The Fairfax County Board of Supervisors, three months from the fall elections, came under intense pressure from Christian activists yesterday on three issues central to the activists' agenda: abortion, topless bars and a religiously oriented day school.
The board rebuffed the avowed conservatives on all three issues, turning a cold shoulder to a proposal to prohibit abortions at Fairfax Hospital, resisting demands to shut down the county's handful of establishments that feature seminude dancing and denying a special zoning exception for a proposed Christian school.
The conservatives, some of them warning of a "flood of immorality," scored a partial victory on the nude-dancing issue when the supervisors voted 6-to-0 to restrict the opening of new topless bars and strip joints. But the board declined to follow the lead of Prince William County in banning the establishments, as some Christian and conservative leaders had urged.
In another vote, the board rejected for the second time in two years a proposal from Fairfax Christian School to build a 576-student campus on a wooded 42-acre site in the Oakton area. The application for a zoning exception was defeated on a 5-to-4 vote. The proposal, which drew heavy fire from nearby residents, became embroiled in further controversy because the school's owner, Robert L. Thoburn, is an independent candidate for the Board of Supervisors.
In the third defeat, the supervisors, who had been angrily shouting in a closed-door session, ended that session by directing County Attorney David T. Stitt to respond to Neil F. Markva, a prominent Northern Virginia conservative leader who advocates eliminating abortions at Fairfax Hospital. Stitt has said the county has no such authority.
The votes on nude dancing and the Christian school followed impassioned pleas from a parade of speakers.
"Having topless bars in our neighborhood is morally degrading, as well as running down the quality of the area by bringing in individuals with prurient interests to patronize them," said Marie A. Kuhn, a Springfield resident. "It is like having part of 14th Street in your own neighborhood, and I'm sure you will agree with me to let Mayor Barry keep 14th Street."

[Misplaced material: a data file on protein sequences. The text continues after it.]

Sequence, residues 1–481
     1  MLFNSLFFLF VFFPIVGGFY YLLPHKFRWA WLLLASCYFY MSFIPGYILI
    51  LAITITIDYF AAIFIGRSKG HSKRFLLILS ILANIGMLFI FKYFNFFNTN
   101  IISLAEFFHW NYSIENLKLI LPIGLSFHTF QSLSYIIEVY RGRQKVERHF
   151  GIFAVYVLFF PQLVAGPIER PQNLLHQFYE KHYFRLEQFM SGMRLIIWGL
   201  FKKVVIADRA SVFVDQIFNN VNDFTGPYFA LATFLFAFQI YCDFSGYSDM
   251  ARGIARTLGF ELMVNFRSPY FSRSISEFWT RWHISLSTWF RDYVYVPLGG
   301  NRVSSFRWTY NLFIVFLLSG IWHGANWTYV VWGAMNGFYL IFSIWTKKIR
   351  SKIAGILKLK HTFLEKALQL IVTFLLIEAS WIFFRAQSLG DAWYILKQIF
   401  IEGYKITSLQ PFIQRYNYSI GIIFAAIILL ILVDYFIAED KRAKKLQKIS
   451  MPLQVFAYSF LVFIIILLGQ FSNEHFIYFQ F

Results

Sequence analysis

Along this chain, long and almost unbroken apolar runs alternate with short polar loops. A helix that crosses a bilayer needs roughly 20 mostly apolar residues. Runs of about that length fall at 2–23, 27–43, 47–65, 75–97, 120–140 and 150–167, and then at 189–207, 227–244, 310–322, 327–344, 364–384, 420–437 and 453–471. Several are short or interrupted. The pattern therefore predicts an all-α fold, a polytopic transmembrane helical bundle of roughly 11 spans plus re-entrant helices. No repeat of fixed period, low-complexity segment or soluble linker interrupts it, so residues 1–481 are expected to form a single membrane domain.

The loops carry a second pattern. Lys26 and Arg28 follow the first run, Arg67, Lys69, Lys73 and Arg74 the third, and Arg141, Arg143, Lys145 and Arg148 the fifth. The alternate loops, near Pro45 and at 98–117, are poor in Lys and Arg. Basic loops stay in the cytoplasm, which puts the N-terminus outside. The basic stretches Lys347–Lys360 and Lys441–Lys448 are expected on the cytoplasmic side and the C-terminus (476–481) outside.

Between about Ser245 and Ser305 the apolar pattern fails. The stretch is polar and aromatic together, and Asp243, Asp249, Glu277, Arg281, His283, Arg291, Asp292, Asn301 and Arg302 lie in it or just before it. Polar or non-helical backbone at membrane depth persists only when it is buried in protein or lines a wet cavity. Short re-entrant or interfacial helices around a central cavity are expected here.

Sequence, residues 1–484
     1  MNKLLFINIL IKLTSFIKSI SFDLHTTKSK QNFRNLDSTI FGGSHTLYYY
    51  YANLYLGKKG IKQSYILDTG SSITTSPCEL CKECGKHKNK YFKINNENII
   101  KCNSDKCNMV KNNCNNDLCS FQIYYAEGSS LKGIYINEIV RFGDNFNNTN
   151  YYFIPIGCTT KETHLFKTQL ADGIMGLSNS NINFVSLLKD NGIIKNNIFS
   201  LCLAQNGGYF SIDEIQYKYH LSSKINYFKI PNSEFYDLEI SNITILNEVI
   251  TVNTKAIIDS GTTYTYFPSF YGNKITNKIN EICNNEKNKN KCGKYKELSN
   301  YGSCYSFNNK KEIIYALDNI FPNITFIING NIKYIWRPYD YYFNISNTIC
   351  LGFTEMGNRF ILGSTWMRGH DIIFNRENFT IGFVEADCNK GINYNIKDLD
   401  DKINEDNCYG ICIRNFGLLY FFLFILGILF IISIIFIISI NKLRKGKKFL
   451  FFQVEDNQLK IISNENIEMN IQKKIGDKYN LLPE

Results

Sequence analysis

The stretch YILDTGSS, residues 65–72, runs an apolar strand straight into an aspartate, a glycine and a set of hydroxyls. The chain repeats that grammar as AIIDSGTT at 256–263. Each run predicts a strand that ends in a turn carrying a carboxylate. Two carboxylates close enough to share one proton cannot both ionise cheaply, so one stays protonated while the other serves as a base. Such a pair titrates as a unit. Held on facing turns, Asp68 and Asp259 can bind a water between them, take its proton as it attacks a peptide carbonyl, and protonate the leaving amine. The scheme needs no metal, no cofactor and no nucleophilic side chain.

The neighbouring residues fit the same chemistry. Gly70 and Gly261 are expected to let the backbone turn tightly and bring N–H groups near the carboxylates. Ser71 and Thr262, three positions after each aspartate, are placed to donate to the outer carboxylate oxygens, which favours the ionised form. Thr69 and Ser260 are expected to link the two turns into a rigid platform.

Fairfax County Board Chairman John F. Herrity, who had championed the seminude-dancing restrictions, said Stitt had advised the board that it lacked legal authority for a ban on the establishments. He said the new regulations -- which require the board to give special exceptions to strip joints and topless bars and limit them to regional shopping centers -- represent, for practical purposes, a ban on all new establishments.
The defeat of Christian Day School drew acid responses from many conservatives, who charged that the proposal had become a political football because of Thoburn's independent challenge to incumbent Republican Nancy K. Falck in the county's Dranesville District.
"You know and I know that there's been a hell of a lot of Christian bashing," said retired Brig. Gen. Benton K. Partin, a former chairman of the county Republican Party and an outspoken conservative Christian. "This is just another case of Christian-bashing,"
On the abortion issue, Herrity argued that Stitt should respond to Markva, who wrote to the chairman that under the terms of Fairfax's lease with the Fairfax Hospital Association, the county could stop abortions from being performed at the hospital. Doctors at the hospital performed about 265 abortions in 1985, according to hospital spokesman Lon Walls.
Markva, who has ties to the Rutherford Institute, a conservative organization in Manassas, took issue with a memorandum drafted earlier this year by Stitt. In the memo, dated Feb. 10, Stitt contended that under the $1-a-year lease, county officials had no control over the operations or policies of the hospital, short of terminating the lease.
"Performing abortions at the Fairfax Hospital does not violate any provision of the lease," Stitt wrote.